Herzig Eye Institute in General Eye Health on October 2, 2017
What are Omega 3’s?
Our diet consists of different types of fats and oils. Many foods naturally contain fats that are essential in our diet, meaning we can only obtain them through what we eat. Our bodies cannot make them on our own. Omega 3’s are an essential fatty acid with a specific chemical structure and are important in the regulation of different processes in our body. They are the building blocks of cell wall membranes and aid in the production of hormones that regulate blood clotting and inflammation.
There are 3 types of Omega 3’s: ALA (alpha linolenic acid), DHA (Eicosapentaenoic acid), and EPA (Eicosapentaenoic acid). Wow! What a mouth full! While ALA is plant –based and contained in such foods as flax seeds and chia seeds, DHA and EPA are found in animal sources, such as fish.
There are a variety of benefits to our general health by taking Omega 3’s. A major one includes improving cardiac health by reducing blood pressure and preventing blood clots. They also play a role in reducing chronic inflammation in the body with conditions such as arthritis, eczema and lupus.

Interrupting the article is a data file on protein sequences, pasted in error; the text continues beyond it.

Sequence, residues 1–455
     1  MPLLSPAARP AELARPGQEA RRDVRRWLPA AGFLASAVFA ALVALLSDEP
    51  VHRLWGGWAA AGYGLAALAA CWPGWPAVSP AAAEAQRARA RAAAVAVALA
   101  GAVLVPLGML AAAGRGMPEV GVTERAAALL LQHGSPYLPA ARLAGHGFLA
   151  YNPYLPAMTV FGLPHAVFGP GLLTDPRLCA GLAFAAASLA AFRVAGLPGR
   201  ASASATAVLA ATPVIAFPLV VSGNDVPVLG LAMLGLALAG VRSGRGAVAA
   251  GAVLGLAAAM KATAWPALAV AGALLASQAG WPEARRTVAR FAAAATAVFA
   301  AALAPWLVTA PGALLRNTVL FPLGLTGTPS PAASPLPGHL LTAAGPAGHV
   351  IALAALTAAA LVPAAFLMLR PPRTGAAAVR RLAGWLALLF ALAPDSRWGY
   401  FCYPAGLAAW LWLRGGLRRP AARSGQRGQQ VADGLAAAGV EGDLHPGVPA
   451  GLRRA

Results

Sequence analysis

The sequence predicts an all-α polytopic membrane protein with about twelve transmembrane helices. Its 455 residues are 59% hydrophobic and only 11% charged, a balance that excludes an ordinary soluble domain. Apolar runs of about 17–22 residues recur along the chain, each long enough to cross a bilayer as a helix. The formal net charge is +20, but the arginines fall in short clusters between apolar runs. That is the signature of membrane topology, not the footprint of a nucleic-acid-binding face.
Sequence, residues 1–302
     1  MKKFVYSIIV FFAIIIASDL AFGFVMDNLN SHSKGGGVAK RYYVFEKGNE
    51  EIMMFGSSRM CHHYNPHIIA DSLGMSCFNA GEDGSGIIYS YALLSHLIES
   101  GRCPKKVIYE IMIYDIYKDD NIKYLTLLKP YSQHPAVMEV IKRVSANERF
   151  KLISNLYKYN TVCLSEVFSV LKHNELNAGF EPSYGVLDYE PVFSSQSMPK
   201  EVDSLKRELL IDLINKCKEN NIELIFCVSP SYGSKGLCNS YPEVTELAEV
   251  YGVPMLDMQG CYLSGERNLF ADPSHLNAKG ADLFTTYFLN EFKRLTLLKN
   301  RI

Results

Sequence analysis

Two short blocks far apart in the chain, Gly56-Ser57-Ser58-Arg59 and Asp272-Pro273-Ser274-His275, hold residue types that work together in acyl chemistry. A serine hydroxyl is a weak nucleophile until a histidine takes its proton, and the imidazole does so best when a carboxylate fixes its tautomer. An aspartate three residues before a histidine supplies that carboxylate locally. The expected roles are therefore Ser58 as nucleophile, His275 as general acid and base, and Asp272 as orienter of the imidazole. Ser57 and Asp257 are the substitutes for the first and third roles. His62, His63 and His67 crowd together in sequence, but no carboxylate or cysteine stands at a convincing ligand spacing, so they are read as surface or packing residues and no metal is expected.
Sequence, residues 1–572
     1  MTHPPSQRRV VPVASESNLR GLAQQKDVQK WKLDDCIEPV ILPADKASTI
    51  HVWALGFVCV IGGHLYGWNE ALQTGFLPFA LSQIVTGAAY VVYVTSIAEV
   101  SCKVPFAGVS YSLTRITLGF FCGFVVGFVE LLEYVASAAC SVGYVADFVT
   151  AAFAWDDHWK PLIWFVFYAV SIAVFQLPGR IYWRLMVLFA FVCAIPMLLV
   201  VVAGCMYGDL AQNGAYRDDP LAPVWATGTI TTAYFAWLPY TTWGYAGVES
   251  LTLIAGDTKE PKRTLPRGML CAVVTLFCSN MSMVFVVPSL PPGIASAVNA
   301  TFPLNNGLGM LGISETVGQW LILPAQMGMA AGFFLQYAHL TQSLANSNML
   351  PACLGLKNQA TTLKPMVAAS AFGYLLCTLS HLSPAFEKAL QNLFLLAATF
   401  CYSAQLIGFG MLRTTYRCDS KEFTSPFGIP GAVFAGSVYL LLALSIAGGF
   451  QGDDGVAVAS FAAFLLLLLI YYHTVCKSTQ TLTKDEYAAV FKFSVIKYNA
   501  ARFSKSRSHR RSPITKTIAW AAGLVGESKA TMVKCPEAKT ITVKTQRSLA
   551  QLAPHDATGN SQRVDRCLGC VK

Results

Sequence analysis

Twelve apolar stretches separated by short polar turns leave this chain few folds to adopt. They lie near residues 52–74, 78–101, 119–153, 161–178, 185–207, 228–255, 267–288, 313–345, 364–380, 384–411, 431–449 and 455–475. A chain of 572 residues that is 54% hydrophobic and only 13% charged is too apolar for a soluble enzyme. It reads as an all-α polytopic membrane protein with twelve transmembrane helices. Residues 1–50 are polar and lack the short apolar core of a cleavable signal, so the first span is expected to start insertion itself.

What does it do for our eye health?
Omega 3’s are instrumental in improving dry eye syndrome by increasing tear secretion. Fish oil supplements improve the function of meibomian glands lining our eyelids, which produce the oily layer to our tears. Omega 3’s have also been shown to reduce inflammation of the eyelids and surface tissues of the eyes.
While it may be difficult to get Omega 3’s in regularly through our diet, a supplement may be more practical to fill the gap. This leads to the next common question…
Are all Omega 3 supplements comparable?
No! Omega 3’s in their natural form are absorbed best into the body.
These natural sources of Omega 3’s are in a triglyceride form that is absorbed best into our body. Not all Omega 3 supplements are in this natural form, most are in a fatty acid form because it is cheaper to manufacture. The quality of the Omega 3 supplement as well as the quantity of specifically the DHA and EPA component are key to a high-grade supplement. Ask your eye care doctor which Omega 3 supplements are good options and the recommended daily intake based on your overall health.